Hingham History Moment: Elizabeth Coatsworth and “The Littlest House”



Photo Courtesy of Hingham Historical Society


by Deirdre Anderson, Executive Director

Growing up in Hingham, Elizabeth Coatsworth's 1946 book The Littlest House was a favorite for my sister, Clare and me. We would check out a copy from the Hingham Public Library and ride our bikes down Summer Street to marvel at the actual home featured in Coatsworth's book - 4 Green Street Court. Coatsworth, a Newberry Award winning author for her 1931 Children's Book The Cats Who Went to Heaven resided in Hingham on Cottage Street with her husband, author, Henry Beston and two daughters.

As you follow the simple adventures of Jean, Lydia and Mark, the children featured in The Littlest House, you enjoy familiar scenes from Coatsworth's Hingham Harbor neighborhood. Pen and ink drawings from Marguerite Davis (1889- 1980) the book illustrator from Quincy who collaborated with Coatsworth include images of the Old Grain Mill (now Liberty Grill) and the shores of Hingham Harbor. When the children grew more adventurous, they traveled South to Turkey Hill and Triphammer Pond. In 2011, at the auction of the estate of John P. Richardson, I purchased and donated to the Society an original pen and ink by Marguerite Davis used in the book of Jean, Lydia and Mark approaching the Littlest House.

Throughout the story of the The Littlest House, Coatsworth includes poems including this one about the advent of Spring:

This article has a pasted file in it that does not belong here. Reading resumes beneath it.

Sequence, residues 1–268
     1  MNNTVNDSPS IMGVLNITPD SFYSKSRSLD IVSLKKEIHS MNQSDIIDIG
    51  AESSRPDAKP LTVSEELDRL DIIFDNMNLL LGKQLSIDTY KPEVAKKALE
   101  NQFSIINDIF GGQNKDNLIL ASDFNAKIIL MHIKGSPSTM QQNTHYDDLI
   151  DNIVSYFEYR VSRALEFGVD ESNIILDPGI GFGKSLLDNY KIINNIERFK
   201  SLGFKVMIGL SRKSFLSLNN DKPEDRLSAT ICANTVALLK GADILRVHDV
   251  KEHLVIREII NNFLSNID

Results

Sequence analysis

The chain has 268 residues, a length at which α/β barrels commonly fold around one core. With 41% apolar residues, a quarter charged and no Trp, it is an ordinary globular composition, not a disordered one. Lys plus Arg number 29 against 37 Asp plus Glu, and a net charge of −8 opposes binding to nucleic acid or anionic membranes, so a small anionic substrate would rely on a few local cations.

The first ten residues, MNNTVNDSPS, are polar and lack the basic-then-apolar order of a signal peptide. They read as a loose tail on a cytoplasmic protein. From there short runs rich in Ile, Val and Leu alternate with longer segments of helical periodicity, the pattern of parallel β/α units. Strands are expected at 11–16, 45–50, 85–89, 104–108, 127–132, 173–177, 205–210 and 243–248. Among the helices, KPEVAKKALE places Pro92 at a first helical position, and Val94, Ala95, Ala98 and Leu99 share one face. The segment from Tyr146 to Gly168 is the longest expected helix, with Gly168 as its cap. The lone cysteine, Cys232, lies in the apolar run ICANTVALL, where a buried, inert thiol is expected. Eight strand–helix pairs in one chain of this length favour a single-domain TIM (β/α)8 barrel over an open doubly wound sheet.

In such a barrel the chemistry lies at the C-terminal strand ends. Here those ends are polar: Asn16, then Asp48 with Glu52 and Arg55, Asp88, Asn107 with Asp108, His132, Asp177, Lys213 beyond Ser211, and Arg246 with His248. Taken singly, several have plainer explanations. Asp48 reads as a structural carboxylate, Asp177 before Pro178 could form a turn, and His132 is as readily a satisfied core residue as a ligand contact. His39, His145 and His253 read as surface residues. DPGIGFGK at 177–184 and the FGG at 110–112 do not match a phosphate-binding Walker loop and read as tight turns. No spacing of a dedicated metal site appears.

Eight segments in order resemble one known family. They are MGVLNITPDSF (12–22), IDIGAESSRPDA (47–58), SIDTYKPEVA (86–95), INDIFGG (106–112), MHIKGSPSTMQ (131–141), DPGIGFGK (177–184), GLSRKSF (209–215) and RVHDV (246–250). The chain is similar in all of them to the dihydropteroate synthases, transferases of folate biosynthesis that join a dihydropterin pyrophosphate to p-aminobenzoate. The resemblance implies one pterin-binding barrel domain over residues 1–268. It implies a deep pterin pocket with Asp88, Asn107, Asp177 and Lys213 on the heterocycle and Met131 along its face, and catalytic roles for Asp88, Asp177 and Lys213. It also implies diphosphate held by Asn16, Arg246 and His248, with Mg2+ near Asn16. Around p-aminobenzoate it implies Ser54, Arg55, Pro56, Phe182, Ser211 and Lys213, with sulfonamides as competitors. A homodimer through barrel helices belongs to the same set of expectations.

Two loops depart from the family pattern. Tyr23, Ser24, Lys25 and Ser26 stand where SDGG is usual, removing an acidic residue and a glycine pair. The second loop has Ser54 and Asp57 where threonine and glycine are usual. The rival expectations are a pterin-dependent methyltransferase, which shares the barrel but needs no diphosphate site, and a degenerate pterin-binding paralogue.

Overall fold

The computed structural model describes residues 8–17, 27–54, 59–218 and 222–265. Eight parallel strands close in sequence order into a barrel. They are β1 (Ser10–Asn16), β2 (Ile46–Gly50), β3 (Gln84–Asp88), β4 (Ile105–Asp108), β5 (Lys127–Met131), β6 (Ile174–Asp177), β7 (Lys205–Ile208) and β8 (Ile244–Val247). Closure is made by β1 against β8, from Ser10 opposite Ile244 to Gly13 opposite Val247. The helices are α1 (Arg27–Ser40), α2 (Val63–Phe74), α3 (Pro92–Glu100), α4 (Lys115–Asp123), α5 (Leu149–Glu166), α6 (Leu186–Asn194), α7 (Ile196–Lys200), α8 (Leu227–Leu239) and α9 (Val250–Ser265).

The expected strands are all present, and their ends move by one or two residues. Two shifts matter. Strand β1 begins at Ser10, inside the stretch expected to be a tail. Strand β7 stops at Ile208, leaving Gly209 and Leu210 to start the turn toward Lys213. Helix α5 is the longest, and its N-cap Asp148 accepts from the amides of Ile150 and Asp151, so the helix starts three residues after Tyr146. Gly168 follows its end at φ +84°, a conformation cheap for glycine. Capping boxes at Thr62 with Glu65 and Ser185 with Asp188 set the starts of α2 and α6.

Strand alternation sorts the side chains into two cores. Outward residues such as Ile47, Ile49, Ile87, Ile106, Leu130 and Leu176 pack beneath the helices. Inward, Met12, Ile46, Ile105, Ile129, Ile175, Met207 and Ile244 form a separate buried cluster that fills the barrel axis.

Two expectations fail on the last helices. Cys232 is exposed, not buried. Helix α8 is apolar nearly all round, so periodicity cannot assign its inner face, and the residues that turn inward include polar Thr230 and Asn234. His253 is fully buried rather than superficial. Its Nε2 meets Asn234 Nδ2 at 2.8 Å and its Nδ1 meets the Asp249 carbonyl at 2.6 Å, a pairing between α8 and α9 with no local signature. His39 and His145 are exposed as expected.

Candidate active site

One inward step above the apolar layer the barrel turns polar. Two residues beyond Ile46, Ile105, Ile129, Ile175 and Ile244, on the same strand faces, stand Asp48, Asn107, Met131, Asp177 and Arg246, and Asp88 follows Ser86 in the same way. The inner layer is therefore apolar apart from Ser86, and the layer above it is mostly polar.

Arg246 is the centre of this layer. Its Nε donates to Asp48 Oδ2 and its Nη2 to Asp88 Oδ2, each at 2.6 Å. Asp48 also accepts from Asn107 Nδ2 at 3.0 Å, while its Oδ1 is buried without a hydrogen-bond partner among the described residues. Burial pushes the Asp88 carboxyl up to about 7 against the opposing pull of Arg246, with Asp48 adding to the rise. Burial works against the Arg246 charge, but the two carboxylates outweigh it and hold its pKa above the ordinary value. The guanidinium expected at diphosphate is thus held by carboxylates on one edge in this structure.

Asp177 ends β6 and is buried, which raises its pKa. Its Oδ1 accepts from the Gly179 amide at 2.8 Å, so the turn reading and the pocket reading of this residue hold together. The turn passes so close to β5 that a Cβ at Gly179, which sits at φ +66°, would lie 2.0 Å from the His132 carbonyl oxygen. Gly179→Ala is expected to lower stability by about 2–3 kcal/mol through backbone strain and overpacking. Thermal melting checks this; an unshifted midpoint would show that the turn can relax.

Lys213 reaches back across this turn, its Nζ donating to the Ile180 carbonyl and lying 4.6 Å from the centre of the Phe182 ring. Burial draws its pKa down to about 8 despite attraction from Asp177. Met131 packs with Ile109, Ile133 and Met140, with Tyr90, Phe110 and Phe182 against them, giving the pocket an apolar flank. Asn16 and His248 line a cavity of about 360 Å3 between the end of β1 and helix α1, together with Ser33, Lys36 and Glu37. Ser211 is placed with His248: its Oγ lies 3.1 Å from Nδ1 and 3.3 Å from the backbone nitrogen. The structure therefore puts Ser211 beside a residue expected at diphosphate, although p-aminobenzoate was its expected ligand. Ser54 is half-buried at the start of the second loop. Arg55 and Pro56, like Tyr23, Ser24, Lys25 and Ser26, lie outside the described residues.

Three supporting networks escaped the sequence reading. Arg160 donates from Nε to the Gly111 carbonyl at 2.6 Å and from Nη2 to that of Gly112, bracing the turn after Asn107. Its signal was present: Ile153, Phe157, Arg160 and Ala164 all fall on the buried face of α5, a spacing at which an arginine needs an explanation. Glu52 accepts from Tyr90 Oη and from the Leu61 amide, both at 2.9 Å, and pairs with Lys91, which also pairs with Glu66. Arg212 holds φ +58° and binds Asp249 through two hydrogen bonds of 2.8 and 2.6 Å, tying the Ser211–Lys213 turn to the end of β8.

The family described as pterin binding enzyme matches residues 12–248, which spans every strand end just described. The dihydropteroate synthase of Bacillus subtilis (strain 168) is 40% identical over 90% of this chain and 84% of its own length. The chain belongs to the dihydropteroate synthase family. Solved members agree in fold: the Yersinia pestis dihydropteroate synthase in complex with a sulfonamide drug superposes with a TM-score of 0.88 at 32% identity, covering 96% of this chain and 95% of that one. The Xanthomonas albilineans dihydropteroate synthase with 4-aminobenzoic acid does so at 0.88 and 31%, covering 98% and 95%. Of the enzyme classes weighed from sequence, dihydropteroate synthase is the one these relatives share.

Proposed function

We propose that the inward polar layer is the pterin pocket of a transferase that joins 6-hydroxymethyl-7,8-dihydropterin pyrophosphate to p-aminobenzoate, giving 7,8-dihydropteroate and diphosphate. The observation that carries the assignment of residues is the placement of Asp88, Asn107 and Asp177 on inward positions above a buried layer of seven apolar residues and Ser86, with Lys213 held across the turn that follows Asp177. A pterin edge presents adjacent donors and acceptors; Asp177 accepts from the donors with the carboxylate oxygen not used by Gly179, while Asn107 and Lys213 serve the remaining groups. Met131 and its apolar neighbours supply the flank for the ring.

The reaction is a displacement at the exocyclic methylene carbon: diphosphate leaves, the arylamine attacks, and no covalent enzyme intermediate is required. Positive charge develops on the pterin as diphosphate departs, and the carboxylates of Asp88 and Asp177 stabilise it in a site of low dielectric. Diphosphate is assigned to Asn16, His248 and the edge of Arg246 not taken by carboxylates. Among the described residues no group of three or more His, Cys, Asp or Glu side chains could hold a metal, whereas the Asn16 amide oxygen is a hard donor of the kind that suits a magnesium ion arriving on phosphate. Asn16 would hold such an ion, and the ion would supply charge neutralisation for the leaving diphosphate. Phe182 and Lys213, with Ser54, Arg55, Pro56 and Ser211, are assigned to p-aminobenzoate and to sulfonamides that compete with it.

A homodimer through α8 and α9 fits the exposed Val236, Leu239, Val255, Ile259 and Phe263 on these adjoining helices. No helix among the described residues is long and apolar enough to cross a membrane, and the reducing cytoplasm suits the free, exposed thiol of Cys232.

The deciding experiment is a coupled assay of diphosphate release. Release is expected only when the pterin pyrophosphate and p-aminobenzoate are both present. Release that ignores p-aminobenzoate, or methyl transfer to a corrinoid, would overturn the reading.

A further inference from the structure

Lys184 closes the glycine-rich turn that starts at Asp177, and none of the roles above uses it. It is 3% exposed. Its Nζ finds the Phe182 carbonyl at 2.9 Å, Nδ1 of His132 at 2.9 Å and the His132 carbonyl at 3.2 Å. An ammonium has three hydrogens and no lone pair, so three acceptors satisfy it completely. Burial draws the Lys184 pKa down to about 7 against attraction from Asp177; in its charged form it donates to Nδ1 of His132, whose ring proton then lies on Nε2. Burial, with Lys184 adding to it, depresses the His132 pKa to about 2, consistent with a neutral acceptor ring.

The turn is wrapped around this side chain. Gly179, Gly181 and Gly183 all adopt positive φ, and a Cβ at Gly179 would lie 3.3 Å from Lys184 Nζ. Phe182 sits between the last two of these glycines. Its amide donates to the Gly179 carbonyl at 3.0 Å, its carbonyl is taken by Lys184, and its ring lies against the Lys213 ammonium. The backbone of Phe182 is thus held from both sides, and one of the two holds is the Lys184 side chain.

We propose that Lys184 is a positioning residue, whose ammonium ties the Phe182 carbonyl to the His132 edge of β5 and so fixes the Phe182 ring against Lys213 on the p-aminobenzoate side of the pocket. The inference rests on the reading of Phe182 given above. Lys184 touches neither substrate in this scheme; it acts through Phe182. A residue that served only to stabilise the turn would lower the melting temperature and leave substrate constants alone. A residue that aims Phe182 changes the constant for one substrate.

Now is the time
When Robins call,
The fretful horse
Stamps in the stall
The cock claps wings
In orchards bare,
Under the hedge
Crouches the hare.

Now is the time,
Spring fires burn,
The air is sweet
With smoldering ferm,
And through the quiet
Hours of night
The gold-eyed frogs
Croak with delight.

2 thoughts on “Hingham History Moment: Elizabeth Coatsworth and “The Littlest House””

  1. In Elizabeth Coatsworth’s wonderful 1976 book“, Almost an Autobiography-Personal Geograpy” she writes of her beloved Shipcote, the lovely 18c. house overlooking the harbor on the northeast corner of Ship and Cottage Streets. In before her marriage to naturalist author Henry Beston, Elizabeth and her mother bought the Shipcote to be near sister Margaret and husband Morton Smith who lived in Hingham..


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